I can feel your heartbreak. I want you to know that during my time of exile in my youth, the time I spent outcasted and friendless, I never told my parents. They did not know, and there was no way that they could have. I have since talked to them about it, and my mom always feels so bad that she didn’t know what was going on with me. But, I still contend that no fault in any of it lies with her. No fault whatsoever.
I think your daughter has been given the greatest gift – a mother who understands how she feels. You are her greatest gift, my friend. I hope you can see it.


TKW October 15, 2013 at 4:01 pm


I never told my parents, either. I think I was ashamed.


Contemporary Troubadour October 15, 2013 at 9:49 am

Oh, Kitch. It kills me that you’re beating yourself up for being “unattentive.” You weren’t. You appealed to the people who were supposed to be eyes and ears for you when you weren’t there, and they missed it too. And Miss M. is a resourceful girl who just ended up using her smarts in the way she knew how.

Hugs to you both.


TKW October 15, 2013 at 4:02 pm


After I quit sobbing for days, I kind of was impressed by her cleverness. :)


ayala October 15, 2013 at 10:57 am

Dana, this broke my heart. I feel you and her. :(


S in A October 15, 2013 at 12:14 pm

I stopped commenting on your blog because of my own anxiety, inadequacy, awkwardness. When I (think I) see my children put on and wear my “issues,” my heart twists into a tight little knot. I think (I know I don’t know) I feel and understand your helpless despair. Rage? But reading the comments here . . . you’re not alone. Do you *feel* it? There are so many people right here who not only ENJOY you but seem to really CARE about you, too. Your little hummingbird sees you pick yourself up every day and carry on, even when it’s hard. I think watching you will (continue to) give her strength and courage. Even comfort. Maybe enough to help her break the mold. BTW, I agree with Kel. I really don’t think not telling you was a trust thing. Heartfelt hugs for you both.


TKW October 15, 2013 at 4:05 pm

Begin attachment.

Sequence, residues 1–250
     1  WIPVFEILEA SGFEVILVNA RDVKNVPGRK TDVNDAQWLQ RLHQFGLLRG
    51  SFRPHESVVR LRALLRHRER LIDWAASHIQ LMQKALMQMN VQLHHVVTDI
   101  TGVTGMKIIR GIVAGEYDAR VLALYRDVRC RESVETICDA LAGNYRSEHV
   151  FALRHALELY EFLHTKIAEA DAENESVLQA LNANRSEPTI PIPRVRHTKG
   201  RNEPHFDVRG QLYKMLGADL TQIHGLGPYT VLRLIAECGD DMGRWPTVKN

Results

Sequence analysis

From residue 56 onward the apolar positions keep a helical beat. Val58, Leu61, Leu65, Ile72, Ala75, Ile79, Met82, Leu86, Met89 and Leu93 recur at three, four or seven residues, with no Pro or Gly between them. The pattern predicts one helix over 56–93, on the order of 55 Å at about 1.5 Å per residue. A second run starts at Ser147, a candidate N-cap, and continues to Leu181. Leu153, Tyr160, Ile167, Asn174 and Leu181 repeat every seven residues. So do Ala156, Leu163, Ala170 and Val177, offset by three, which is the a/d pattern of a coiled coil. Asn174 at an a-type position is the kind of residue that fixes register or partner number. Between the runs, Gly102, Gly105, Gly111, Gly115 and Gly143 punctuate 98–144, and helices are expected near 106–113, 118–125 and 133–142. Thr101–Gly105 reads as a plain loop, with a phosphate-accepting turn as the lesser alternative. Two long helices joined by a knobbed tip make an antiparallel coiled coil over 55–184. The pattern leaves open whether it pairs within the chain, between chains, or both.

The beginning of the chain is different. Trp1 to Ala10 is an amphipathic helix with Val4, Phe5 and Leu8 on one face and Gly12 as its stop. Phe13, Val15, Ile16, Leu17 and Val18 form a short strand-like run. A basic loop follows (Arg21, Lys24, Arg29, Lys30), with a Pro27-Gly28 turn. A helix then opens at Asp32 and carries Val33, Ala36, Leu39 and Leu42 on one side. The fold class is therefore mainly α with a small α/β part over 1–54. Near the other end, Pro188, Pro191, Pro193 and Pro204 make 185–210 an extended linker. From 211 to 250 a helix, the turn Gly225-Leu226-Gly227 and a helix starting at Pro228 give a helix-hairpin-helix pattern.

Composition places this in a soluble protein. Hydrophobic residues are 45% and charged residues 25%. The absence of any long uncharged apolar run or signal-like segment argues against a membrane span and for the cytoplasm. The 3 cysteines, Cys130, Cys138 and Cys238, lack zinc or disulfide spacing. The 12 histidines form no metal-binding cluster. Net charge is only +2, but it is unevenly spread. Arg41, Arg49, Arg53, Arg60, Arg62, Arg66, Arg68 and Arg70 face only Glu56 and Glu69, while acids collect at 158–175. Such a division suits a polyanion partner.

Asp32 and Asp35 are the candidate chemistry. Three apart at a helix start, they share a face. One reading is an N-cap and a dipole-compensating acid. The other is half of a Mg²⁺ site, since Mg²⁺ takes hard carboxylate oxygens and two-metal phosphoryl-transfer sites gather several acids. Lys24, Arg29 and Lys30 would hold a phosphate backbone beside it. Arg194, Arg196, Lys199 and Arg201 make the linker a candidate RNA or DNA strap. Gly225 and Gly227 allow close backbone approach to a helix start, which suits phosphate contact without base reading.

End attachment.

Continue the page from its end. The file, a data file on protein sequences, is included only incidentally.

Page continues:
S in A,

As a fellow anxious, inadequate and awkward person, please let me welcome you back to the comments section. NEVER feel like this isn’t a place you belong. And I certainly hope I never said anything in a reply to a comment that made you feel bad?

And you’re right. I have the best readers in the world. Including you.
ps: Much love from the Hess and Lam families! xoxo


S in A October 16, 2013 at 11:00 am

Thank you. Nope, it wasn’t anything beyond my own angst. And I only mentioned it to add my voice to the others who expressed having experienced similar uncertainty, at one time or another (or always). As isolating as the experience is, it seems there are rather quite a lot of us. Please share hugs and good wishes with the Hess and Lam families for me!


Emily Cook October 15, 2013 at 12:28 pm

Oh my goodness.
Prayers for you, and for her, and for all of us mamas who have this impossibly complicated job, loving and raising impossibly complicated children…


TKW October 15, 2013 at 4:06 pm


Dang those complicated kids! Why can’t they be simple and come with direction manuals?


Heather October 15, 2013 at 1:42 pm

Fragile birds, my sister, can rise above. We can be not okay until we are okay. We can. And we do this with more heart, I hear, than most. We really give a shit, instead of acting as if we give a shit and then not helping.

So there are gifts, of the bird-legged, bird-hearted and there most certainly are delicate faultlines and we crack so easily, like our eggs.

It hurts and damn, it’s not fair. But you know what you know about your girl, it is written here. You are, apparently, attentive. You maybe didn’t know this thing, but you know that girl.



TKW October 15, 2013 at 4:08 pm


Your reply made me cry. My egg has many faultlines, just like her Mama. But you are right about the hidden blessings, though. At least I pray that you’re right.


Robyn Wright of RobynsOnlineWorld.com October 15, 2013 at 2:36 pm

(coming over from Just Write) – My eyes have welled up with tears reading this. My heart broke not only for your daughter, but for you too. My son is a lot like this too and I am the opposite and try as I might, I could not fully understand what it was he was going through. Your silver lining is that at least you truly can understand what your daughter is feeling.